Is sermon prep software (and technology in general) a help or a hindrance? Considering I’m typing this on a laptop, and many of you will read it on your smartphones, it’s obvious that technology is an integral part of our lives.

Should we use it when preparing sermons? And does it have any additional impact on my life?

Over the years, I’ve used many different Bible Software programs. From the classic, eSword to BibleWorks, Accordance, and Logos, I’ve tried them all. And that doesn’t include the various apps I’ve used to write my sermons; including everything from Microsoft Word, Evernote, OneNote, to the notes app my phone.

I believe that we should use every resource available to us, including bible software. Here are four reasons why:

1) Bible Software helps expand your knowledge base.

When I was young (and I mean young) my youth group leader would occasionally let me preach. I’m pretty sure I avoided any major heresies, in part because the only resources I had were my Thomas Nelson Study Bible, and Matthew Henry’s Commentary in one volume. And there’s nothing wrong with either of those!

But, they were limited both by size, and time-period. And since they were, so was I. Bible Software allows you to expand your knowledge base by providing vast biblical libraries at your finger tips.

“But Jonathan,” I can hear some of you saying, “don’t regular libraries do that?”

Print books can be difficult to navigate, especially when you’re looking for something specific. Which brings us to our second point.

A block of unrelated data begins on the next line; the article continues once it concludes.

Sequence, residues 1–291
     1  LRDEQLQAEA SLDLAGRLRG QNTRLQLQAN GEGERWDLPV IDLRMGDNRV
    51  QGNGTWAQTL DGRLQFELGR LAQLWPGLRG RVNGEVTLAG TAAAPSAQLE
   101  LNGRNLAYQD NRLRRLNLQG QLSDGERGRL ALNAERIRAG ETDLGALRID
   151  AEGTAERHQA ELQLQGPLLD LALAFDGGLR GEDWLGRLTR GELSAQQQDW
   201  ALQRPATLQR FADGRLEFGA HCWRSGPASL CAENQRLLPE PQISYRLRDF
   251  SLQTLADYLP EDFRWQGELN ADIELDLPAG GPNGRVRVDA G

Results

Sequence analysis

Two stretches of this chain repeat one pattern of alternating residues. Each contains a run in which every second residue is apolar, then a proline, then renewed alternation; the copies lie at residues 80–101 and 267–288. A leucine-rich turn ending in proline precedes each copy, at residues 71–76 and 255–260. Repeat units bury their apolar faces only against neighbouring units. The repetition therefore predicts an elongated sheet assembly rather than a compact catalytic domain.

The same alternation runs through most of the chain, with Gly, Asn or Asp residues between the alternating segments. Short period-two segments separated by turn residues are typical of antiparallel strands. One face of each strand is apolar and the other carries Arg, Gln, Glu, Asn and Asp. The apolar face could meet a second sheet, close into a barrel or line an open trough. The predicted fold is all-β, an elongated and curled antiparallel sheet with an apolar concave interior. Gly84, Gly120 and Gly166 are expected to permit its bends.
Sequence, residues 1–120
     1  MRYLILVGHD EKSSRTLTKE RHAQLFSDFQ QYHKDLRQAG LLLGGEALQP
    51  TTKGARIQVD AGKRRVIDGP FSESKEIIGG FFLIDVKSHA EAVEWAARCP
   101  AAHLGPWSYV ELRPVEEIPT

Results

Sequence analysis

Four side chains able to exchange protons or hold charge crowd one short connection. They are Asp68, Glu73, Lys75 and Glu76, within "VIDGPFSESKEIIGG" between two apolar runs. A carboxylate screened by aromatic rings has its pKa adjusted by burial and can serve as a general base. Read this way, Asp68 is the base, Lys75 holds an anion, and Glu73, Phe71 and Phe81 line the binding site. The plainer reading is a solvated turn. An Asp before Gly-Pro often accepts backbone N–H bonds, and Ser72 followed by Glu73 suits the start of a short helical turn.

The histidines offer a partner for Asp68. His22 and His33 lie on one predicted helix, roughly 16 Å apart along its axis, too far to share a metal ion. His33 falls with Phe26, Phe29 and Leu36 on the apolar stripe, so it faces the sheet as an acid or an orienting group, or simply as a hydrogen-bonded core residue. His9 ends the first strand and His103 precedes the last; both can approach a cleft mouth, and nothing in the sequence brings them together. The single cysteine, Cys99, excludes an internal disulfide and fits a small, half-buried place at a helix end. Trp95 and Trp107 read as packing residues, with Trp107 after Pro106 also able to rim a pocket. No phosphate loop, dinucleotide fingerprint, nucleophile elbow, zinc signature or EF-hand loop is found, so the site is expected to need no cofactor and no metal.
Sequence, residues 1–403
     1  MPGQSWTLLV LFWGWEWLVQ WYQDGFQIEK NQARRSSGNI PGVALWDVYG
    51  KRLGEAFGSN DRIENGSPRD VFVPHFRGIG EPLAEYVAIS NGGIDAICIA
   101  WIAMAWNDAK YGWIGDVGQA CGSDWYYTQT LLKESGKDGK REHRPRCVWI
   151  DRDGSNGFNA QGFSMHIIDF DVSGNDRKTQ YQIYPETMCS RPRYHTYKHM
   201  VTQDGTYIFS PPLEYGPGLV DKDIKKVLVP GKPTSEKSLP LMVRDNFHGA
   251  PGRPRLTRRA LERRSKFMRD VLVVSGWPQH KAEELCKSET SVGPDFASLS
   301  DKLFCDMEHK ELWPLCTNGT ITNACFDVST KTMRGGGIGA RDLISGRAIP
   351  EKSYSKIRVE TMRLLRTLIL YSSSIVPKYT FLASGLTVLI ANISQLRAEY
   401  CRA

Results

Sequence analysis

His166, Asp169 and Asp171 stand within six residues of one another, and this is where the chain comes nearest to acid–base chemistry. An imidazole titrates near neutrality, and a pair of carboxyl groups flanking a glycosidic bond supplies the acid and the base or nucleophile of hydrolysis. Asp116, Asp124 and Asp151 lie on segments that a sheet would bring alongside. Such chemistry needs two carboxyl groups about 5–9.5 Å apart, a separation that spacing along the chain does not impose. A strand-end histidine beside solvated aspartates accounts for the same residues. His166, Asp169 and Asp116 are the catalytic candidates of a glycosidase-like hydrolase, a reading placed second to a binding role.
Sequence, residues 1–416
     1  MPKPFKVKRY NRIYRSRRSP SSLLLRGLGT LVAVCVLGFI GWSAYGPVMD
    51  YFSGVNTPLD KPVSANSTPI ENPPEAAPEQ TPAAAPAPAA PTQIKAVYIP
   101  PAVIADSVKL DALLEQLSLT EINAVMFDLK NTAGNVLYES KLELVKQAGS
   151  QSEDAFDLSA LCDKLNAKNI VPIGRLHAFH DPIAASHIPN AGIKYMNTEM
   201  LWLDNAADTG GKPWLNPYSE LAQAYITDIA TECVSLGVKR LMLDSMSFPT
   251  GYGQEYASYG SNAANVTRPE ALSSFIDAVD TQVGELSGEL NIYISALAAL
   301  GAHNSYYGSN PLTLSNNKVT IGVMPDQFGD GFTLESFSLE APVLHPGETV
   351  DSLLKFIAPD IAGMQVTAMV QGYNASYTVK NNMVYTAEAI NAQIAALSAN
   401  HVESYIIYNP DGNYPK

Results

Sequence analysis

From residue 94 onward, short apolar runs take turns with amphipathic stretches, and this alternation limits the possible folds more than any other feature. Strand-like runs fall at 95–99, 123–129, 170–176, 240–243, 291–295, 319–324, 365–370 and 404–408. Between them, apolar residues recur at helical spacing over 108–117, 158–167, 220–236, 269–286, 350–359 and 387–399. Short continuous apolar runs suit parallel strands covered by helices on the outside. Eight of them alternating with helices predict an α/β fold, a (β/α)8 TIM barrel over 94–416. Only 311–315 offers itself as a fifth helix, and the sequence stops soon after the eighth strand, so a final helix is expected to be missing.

2) Bible Software saves you time.

Let’s be honest. Your print library looks great in your study or office, but can frequently be difficult to access. How many times have you, like me, said,

“I remember reading about such and such on John 15, but which commentary was that?”

As you slowly begin thumbing through the various John commentaries on your desk, the hours slowly waste away. With bible software, your reading is easily accessible, time and time again. Additionally, it helps you find multiple positions quickly. But you’re not just saving time, you’re saving money.

3) Bible Software is good stewardship.

Good stewardship reflects wisely using the resources that we have, as well as those that have been made available to us. In this modern era, bible software has been made available to us. And so, we can apply the virtues of saving time, and saving money.

Bundles and base packages allow you and me to buy complete sets, rather than single volumes, frequently at a significant discount. The idea is that each book in a digital library reinforces each other, so that the value of the whole is greater than the sum of its parts.

4) Bible Software frees up space.

Finally, using bible software for your library frees up incredible space. In the past two years, I have moved from Virginia, to Washington state, to Colorado. Each time, I have packed up innumerable boxes of books, and paid to ship them. At some point, we return to the issue of stewardship.

The money I spent on shipping those print books could easily have been spent on purchasing additional electronic resources.

Conclusion

Bible software is a conscious choice that benefits your sermon prep by expanding your knowledge base and saving you time. And it comes with the added benefits of helping you be a wise steward and freeing up valuable space in your life.